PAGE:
Monitoring and cataloging the environmental DNA left behind by animals and insects is not an easy task. Insect DNA is usually detected using traps; which leads to her being killed.

Although specimens of these insects and animals are easy to obtain from water or soil, accessing them in forests and other unexplored areas is challenging.

For these reasons, researchers at ATH University of Technology in Zurich and the Swiss Federal Institute for Forest, Snow and Landscape Research - known as "WSL" - and the company "Spygun" were involved. are in partnership to develop a unique drone that can independently collect samples from tree branches, according to the Science Robotics website .

Landing on the branches
The mechanism may seem simple, but in fact it uses very complex technology. The drone is equipped with adhesive strips, so that the material from the tree sticks to these strips when the drone lands on the branch.

Researchers can then extract the environmental DNA in the lab and catalog it using database comparisons.

"Landing on branches requires complex control," Stefano Minchev, professor of environmental robotics at ATH University of Technology, said in a statement. The branches vary in thickness and flexibility, and can bend and bounce when a drone lands on them; Therefore, the aircraft is programmed to approach the branch on its own, and to remain stationary on it to take samples; This was a great challenge for scientists.

Since the drone cannot understand the elasticity of the branch, the researchers equipped it with a force-sensing cage that enables the drone to measure at the scene.

The aircraft was tested on 7 species of trees, and the samples revealed DNA from 21 distinct groups of organisms, or taxa, including birds, mammals and insects.

"This is encouraging because it shows that the sampling technique is working," Mintchev said.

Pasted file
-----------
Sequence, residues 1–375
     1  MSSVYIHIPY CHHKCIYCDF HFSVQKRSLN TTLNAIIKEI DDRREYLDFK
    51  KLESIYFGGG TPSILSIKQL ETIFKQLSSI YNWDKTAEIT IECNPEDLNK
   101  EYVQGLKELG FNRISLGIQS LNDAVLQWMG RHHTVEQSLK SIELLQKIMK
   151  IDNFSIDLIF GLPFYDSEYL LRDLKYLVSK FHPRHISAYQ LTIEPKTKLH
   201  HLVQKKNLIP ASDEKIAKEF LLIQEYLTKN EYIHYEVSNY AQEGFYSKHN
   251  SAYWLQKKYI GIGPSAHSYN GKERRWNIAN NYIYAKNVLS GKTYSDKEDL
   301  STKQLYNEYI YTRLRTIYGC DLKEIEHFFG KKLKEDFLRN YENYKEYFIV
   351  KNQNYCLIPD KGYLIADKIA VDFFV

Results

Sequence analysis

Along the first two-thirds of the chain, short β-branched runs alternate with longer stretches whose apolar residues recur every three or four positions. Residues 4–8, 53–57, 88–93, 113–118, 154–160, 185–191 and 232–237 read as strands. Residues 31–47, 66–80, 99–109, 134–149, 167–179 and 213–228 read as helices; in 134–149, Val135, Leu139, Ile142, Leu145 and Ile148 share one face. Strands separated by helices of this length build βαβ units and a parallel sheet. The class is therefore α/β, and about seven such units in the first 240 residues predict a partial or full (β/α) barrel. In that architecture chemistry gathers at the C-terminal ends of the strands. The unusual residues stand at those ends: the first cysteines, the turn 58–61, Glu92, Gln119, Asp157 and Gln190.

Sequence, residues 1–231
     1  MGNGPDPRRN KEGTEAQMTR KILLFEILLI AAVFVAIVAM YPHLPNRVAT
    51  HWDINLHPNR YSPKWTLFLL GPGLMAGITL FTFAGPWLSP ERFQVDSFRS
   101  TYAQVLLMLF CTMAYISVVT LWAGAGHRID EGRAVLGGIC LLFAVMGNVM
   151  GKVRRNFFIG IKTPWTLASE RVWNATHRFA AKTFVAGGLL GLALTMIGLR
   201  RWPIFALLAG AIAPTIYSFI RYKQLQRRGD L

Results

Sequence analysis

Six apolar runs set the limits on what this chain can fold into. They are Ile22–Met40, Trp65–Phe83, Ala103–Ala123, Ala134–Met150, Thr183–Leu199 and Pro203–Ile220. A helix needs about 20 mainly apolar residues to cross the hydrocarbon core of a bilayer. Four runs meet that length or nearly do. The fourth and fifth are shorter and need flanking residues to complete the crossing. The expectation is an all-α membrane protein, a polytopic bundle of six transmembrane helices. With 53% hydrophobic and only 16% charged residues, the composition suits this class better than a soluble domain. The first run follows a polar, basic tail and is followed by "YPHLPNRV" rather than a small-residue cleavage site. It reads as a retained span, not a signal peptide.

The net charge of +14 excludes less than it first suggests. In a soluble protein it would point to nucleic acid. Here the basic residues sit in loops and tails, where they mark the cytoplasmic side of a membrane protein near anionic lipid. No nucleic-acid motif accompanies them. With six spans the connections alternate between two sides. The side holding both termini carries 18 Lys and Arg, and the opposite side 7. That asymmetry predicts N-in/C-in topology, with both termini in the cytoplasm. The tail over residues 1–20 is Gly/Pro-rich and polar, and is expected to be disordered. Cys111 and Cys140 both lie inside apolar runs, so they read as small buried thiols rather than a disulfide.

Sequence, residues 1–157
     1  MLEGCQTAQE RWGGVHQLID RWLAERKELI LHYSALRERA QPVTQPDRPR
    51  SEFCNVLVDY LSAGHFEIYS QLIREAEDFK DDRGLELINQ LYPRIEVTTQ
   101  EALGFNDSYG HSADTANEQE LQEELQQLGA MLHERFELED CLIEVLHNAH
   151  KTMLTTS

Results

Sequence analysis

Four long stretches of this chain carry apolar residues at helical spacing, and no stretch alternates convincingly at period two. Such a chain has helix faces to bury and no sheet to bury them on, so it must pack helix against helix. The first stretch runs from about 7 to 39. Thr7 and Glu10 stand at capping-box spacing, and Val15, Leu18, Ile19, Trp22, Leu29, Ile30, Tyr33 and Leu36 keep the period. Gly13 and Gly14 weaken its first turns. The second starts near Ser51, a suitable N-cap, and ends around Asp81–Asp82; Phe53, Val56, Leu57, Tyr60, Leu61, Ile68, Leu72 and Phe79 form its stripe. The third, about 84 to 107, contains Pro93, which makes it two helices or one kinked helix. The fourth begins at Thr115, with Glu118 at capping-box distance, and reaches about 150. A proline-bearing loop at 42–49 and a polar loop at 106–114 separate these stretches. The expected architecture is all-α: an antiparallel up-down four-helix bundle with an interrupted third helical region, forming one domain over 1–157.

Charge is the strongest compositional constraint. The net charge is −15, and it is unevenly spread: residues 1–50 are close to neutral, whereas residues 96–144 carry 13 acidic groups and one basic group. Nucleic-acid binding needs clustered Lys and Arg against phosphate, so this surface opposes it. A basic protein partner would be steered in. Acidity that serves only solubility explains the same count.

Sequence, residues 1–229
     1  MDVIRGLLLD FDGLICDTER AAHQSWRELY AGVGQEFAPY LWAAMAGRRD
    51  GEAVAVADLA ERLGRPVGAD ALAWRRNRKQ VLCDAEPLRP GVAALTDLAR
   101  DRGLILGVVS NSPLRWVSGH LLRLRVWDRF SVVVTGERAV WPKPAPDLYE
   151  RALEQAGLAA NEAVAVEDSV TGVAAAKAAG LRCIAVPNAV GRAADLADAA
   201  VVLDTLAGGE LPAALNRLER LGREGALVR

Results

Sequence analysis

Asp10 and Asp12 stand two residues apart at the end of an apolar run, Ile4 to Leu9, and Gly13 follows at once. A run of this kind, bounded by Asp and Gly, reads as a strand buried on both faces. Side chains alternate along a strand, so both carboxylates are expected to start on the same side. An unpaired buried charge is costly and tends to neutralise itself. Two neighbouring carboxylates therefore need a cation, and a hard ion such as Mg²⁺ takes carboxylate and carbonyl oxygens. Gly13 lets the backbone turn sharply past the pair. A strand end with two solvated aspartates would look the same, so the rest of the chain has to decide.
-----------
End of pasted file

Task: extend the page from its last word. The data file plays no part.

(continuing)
Preparing for a trip in the rainforest
Mintchev and his team are currently preparing the drone for a competition in Singapore, where the drone has to detect as many different species as possible across 100 hectares of rainforest in 24 hours.

The team is working in the Masola rainforest at Zurich Zoo. "Here we have the advantage of knowing which species are present, which will help us better assess how thoroughly we have captured all traces of environmental DNA using this technique or if we have missed something," Mintchev said.

Collecting samples from natural rainforests comes with its own set of problems. Continuous rain washes environmental DNA from surfaces, and wind and clouds can be an obstacle to launching drones.

"So we are very curious to see if our sampling method will also prove itself under the extreme conditions in the tropics," Mintchev added.

Protecting and restoring the biosphere is critical to human adaptation and well-being, but the paucity of data on the status and distribution of biodiversity puts these efforts at risk.

DNA that organisms release into the environment, such as environmental DNA, can be used to monitor biodiversity in a scalable way.

However, collecting environmental DNA in terrestrial environments remains challenging due to the many surfaces and potential sources that need to be surveyed and limited accessibility.

The drone design consists of a cage that senses the force of the branch and a tactile control strategy to simultaneously land and maintain the stickers on the upper surface of the branches.

Tests show that the drone can land autonomously on a variety of branches with hardnesses ranging from 1 to 103 Newton/meter (a unit for measuring the force of objects) without prior knowledge of its structure's rigidity.